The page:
In June 2012, Dominic Teague took up the role of executive chef at luxury London hotel, One Aldwych’s Axis restaurant. He plans his menus around the seasons (read more on that in An Interview With Chef Dominic Teague) and produces plates that are the epitome of fine dining but at an affordable price (starters priced from £7 and mains from £16). I popped into the restaurant to try out the spring menu which launched at the beginning of April.
It may be a restaurant located in a hotel basement but with high ceilings and an eye-catching wall of tall twigs, it has an exceptionally airy feel to it. Axis can seat 80 but it feels more intimate than that, perhaps because tables are so well spaced – you definitely don’t feel on top of other diners – or that the chairs are so gloriously comfortable. Service is efficient but discreet which is another plus.
Our meal begins with warm rolls – white and sodabread – served with butter and an aubergine dip. The latter is particularly pleasing, it’s a little bit like ajvar, a Macedonian relish but better, less sharp.
The menu presents a great challenge; granted it is a highly curated edit of dishes but all of them sound delectable. I don’t want to mislead, the descriptions are not overly colourful, they are exactly what they should be, informative. That’s not to say your socks won’t be knocked off when the plates arrive. The precision and beauty of each dish certainly gives that wow factor.
My dining companion for the night picked the cannelloni of Dorset crab with shellfish bisque and wood sorrel for starter (my second choice); and poached and roasted loin of Suffolk pork, broad beans, peas and morels for main. Meanwhile, I selected the roast Orkney scallops with leek and sea purslane terrine and confit of lemon for starter; and a rack of Cornish lamb, new season garlic and spring vegetables for main. We decided to share a portion of heritage carrots too.
The long and thin cannelloni were densely packed with delicious dark crab meat and the bisque was intense. Thankfully, my scallop dish was just as impressive so I escaped dreaded food envy. The scallops were juicy and sweet, the incredibly intricate leek and purslane terrine delicate and salty with the confit lemon adding a burst of sour. All of the textures and flavours danced over my tongue.
Then we got a little bit of a surprise treat. The kitchen sent out an additional dish of pan fried trout with a pea voluté, asparagus spears and crushed potatoes. The skin of the trout was so crispy and you got an occasional hit of salt crystal, while the pea volute was smooth and tasted as fresh as just-picked garden peas. It was a real hit with both of us.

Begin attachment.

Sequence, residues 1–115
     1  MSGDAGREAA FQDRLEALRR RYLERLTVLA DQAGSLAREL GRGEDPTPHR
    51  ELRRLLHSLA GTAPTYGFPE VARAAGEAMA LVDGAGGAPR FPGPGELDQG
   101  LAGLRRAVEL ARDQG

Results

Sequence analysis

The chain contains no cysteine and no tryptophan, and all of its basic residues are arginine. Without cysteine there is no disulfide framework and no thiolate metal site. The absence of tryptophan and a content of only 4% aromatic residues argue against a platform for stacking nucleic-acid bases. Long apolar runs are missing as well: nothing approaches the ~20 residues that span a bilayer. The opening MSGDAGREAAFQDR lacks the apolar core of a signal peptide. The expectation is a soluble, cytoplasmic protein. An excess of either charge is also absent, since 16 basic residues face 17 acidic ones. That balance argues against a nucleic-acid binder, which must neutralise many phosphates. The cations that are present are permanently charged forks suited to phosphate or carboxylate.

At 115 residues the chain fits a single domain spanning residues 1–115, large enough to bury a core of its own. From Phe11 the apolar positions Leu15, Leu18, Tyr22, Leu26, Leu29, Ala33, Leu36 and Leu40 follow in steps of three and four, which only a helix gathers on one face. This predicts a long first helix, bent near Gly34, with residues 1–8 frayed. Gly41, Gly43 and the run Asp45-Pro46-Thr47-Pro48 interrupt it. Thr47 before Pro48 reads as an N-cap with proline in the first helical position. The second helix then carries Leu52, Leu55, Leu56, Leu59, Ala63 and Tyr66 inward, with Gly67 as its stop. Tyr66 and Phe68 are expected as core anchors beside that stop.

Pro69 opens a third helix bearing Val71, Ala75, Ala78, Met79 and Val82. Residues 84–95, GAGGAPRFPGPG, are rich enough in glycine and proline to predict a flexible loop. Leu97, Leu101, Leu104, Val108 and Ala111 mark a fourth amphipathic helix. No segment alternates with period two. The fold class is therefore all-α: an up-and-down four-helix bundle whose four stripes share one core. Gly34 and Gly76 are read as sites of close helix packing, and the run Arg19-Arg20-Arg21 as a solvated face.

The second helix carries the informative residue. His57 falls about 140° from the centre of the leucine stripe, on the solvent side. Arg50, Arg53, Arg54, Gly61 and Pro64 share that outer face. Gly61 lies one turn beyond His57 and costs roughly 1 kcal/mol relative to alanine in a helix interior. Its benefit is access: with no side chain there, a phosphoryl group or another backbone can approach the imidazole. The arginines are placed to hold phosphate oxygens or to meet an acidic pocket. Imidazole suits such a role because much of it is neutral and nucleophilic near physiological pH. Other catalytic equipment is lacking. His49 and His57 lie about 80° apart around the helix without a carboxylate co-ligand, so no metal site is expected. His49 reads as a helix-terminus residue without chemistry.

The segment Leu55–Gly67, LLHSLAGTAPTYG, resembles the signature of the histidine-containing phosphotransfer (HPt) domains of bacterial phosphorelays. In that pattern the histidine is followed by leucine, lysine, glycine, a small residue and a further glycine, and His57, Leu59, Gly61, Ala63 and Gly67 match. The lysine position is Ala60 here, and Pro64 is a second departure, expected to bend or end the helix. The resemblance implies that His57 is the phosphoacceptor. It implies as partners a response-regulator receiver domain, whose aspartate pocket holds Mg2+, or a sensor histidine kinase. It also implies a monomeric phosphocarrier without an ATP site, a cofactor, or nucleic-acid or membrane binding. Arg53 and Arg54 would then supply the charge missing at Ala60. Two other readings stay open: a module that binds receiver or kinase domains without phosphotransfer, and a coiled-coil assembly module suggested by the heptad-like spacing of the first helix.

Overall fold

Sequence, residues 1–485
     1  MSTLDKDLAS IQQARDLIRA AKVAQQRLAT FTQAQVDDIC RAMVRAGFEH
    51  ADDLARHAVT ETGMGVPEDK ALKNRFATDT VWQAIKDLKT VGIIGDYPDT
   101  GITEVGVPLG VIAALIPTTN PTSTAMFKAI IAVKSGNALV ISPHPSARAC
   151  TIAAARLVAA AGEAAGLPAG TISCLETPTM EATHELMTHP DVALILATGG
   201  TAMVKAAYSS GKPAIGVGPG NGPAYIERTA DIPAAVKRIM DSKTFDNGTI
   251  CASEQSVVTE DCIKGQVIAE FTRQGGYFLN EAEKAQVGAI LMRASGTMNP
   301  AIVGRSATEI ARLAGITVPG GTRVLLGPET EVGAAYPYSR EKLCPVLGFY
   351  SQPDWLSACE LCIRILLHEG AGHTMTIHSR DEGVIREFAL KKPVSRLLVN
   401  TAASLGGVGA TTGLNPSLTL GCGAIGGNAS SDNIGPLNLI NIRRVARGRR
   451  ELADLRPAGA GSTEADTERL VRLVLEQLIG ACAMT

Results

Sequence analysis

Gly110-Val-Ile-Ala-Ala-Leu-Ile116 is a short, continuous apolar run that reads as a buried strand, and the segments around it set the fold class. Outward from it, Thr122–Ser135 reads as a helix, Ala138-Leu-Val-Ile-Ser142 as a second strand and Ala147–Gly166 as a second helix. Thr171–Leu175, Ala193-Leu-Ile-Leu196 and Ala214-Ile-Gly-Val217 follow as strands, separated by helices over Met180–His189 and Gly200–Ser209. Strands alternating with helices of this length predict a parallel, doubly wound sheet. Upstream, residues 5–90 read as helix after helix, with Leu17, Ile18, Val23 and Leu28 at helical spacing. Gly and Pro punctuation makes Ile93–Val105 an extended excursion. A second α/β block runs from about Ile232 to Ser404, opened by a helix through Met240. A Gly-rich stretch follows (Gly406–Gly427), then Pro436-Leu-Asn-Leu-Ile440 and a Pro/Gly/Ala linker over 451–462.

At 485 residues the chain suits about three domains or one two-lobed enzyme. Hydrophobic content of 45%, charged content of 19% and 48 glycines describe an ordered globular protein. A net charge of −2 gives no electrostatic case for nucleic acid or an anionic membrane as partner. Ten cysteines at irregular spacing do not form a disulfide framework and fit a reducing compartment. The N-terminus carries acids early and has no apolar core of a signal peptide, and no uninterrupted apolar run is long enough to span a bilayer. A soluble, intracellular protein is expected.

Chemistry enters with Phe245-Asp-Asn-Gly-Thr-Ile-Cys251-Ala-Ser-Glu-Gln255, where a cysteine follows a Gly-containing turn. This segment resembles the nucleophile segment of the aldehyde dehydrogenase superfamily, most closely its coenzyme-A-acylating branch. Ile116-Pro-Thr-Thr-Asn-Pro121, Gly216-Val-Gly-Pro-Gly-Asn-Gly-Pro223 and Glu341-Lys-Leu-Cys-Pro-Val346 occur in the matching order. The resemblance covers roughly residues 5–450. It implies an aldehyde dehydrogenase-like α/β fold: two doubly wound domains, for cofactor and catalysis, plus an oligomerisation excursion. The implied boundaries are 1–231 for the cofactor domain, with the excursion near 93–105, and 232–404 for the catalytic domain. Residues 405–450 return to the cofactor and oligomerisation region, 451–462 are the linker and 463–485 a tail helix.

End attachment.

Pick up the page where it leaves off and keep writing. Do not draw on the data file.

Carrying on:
At last it was onto the mains. My rack of lamb came served medium rare, the cutlets of meat gloriously juicy, and served alongside a curious pulled lamb fried ball. Then there were the spring vegetables and they were really quite something. You don’t really see many mini turnips served these days but this dish had them alongside some very tender carrots and delicious spring onions. The spring garlic was superb too. There was wild garlic as well as soft roasted garlic cloves which had the texture of chestnuts. Despite the additional surprise second course, I polished off the plate with vigour.
My dining partner was equally pleased with his main of pork. I couldn’t resist trying it. The poached loin was so soft and then there was the roasted pork which was just beautiful. It came with a selection of tiny broad beans and morels scattered (with great precision) around a large piece of slate. The heritage carrots we shared were a striking array of colours and sizes and just added to the magic of the meal. It was somewhere between allotment-side freshness meets fine dining creativity.
Throughout the meal we sipped on a bottle of Thorn-Clarke, Terra Barossa, Cabernet Sauvignon 2009 which was chosen by the sommelier. The combination of seafood, pork and lamb certainly gave him a challenge but his choice served well. It had incredible notes of cherries and plums. My dining companion referred to it as ‘jammy’.
After a bit of a break, we picked our desserts. I selected the crème brulee with shortbread and lemon and thyme, while my dining partner ordered the vanilla panna cotta and Yorkshire rhubarb.
My crème brûlée came sat on a very short and thin, crumbly shortbread base and deliciously sour slithers of lemon of lemon jelly cubes, cutting through the richness and long. It was a bit of a struggle to finish it but it was so good I was determined to clear my fourth plate of the night. The vanilla panna cotta was beautifully rich and creamy and the rhubarb tender and tart. Amusingly, it came topped with a giant ball of pink candy floss. What could be more fun than that?
Axis at One Aldwych, London WC2B 4BZ
Tel: 020 7300 0300